AP Sports Writer
PHOENIX (AP) -- John Force has three grandchildren and will hit retirement age in three months.
Put him in the cockpit of a Funny Car and it's like he has taken a dip in the pool from "Cocoon."
"People joke about my age and senior discounts at Marie Callender and all that, but I put on this fire suit and I'm 24 years old again -- Superman," Force said as he gets ready for this weekend's NHRA races at Wild Horse Pass Motorsports Park in Chandler. "Laugh at me all you want. I can still get it done."
He sure can.
At the age of 64, Force is drag racing's force of nature.
A high school quarterback who lost every game he started -- 0-27 -- he has become one of the most dominating drivers in any motorsport, winning 139 races and 16 NHRA titles, both records.
Force has shown that age hasn't slowed him down any, backing up his 2013 championship by winning the season-opening Winternationals in Pomona, Calif., racing to an elapsed-time national record of 3.965 seconds two weeks ago.
The frenetic energy that took him into racing in 1979 hasn't waned, allowing him to still blow past the competition at more than 320 mph at an age when most race-car drivers are long retired or talking into a microphone.
"I can come to the track and be tired and mentally wrong, and all of a sudden fans start cheering, little kids run up to you and it gets you going," Force said. "It's just what I love to do. I wonder sometimes if the light is ever going to burn out. I'll have days where I crawl out of bed and it's, oh, man, I can't keep doing this, then I'll get to that race track and I change."
It hasn't always been easy.
In 2007, Force wondered if he could continue racing after Eric Medlen, a driver for John Force Racing, died in a testing crash. Force nearly had racing taken away from him later that year, when a 300 mph accident in Dallas had doctors telling him he'd have to relearn how to walk and that racing was out of the question.
Not one to be told he couldn't do something, Force worked his way back into racing and toward making cars safer to prevent accidents like the one that took Medlen's life.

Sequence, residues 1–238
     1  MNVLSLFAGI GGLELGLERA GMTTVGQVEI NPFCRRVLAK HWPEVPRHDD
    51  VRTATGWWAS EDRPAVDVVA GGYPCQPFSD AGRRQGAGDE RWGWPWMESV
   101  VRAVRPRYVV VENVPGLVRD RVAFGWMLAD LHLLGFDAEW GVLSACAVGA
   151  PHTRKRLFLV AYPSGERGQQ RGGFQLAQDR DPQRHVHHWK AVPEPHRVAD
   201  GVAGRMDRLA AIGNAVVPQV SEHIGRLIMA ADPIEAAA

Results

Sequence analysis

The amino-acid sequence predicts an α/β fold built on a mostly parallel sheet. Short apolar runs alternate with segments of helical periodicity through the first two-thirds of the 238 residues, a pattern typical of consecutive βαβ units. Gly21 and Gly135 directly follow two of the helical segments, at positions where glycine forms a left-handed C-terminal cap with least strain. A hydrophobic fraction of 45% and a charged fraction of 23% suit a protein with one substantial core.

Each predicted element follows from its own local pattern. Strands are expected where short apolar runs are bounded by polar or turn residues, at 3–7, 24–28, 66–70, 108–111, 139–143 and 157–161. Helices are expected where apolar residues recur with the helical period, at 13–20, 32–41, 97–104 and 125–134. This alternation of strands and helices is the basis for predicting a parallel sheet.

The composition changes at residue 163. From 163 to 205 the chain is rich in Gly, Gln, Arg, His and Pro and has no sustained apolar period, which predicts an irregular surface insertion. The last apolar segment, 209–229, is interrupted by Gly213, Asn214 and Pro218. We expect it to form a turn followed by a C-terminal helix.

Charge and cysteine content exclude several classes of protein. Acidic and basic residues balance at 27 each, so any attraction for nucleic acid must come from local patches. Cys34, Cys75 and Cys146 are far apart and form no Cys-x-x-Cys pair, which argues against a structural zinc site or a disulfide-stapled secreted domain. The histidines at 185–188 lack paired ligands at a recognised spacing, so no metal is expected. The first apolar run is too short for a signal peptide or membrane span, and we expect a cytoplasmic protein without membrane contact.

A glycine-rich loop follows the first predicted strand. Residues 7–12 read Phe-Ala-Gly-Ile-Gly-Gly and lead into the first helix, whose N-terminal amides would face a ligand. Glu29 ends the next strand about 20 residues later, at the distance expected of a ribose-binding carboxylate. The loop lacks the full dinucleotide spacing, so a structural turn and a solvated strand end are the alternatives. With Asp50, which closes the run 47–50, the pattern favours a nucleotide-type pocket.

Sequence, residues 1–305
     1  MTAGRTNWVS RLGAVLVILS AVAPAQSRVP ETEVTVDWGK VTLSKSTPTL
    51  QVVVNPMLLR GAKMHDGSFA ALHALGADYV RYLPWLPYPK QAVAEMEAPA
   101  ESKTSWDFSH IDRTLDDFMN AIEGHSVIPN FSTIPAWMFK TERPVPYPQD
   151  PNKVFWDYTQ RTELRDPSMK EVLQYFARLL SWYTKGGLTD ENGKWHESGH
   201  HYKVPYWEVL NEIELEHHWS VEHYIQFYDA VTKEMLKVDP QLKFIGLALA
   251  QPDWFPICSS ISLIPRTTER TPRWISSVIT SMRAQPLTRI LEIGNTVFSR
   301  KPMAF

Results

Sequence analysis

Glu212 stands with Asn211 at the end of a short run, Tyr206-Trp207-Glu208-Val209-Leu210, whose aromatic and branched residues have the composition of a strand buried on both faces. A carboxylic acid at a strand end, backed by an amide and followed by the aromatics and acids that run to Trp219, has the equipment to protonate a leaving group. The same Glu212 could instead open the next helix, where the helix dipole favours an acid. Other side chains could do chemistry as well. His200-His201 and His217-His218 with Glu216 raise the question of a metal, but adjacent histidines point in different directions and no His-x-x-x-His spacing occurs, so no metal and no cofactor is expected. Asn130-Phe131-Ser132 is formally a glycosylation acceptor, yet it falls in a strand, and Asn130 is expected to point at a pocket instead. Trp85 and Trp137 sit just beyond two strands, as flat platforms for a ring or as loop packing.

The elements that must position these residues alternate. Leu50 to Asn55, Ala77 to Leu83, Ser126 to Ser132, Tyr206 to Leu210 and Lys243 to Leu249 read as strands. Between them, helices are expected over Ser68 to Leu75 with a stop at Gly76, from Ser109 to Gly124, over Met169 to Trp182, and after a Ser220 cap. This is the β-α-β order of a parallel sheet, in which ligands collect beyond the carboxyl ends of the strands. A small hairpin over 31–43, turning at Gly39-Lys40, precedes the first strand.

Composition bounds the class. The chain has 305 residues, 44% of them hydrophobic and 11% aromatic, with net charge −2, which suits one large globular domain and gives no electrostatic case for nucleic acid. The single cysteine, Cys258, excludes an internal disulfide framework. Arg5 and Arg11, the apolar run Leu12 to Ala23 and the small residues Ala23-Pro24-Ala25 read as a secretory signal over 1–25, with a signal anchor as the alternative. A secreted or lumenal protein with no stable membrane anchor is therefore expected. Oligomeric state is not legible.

Force won the next year to extend his streak of at least one win to 22 seasons, then followed his first winless campaign with his 15th Funny Car championship in 2010.
Finances became a road block for Force last season, when he learned two major sponsors would be leaving at the end of 2014.
Undeterred by an uncertain future, he went to work on the track, earning his 16th title, one he hopes will open doors to new sponsors and prove to everyone that this old dog can still drive like a young pup.
"The win was key and to go into this season with a championship and No. 1 on my race car is showing corporate that I'm still alive," Force said. "I'm no young kid, but I can still get the job done. That championship last year, probably the most important in my career if I'm going to continue in this sport."
It certainly doesn't appear Force will slow down anytime soon.
The Winternationals marked his sixth straight final dating to last season and he still has that unmatched ability to hit that throttle just a little quicker than the other guy when the starting-line Christmas tree lights green.
"This isn't NASCAR where you have to drive three or four hours around in a circle," Force said. "This is drag racing, where you've got to be at the peak of your game right when that Christmas tree comes down. I've been driving these things longer than anyone; no one has driven a Funny Car as long as John Force has. In that period of time, I joked that I could drive it blindfolded. I may try that sometime."
Chances are, he'd probably win that, too.
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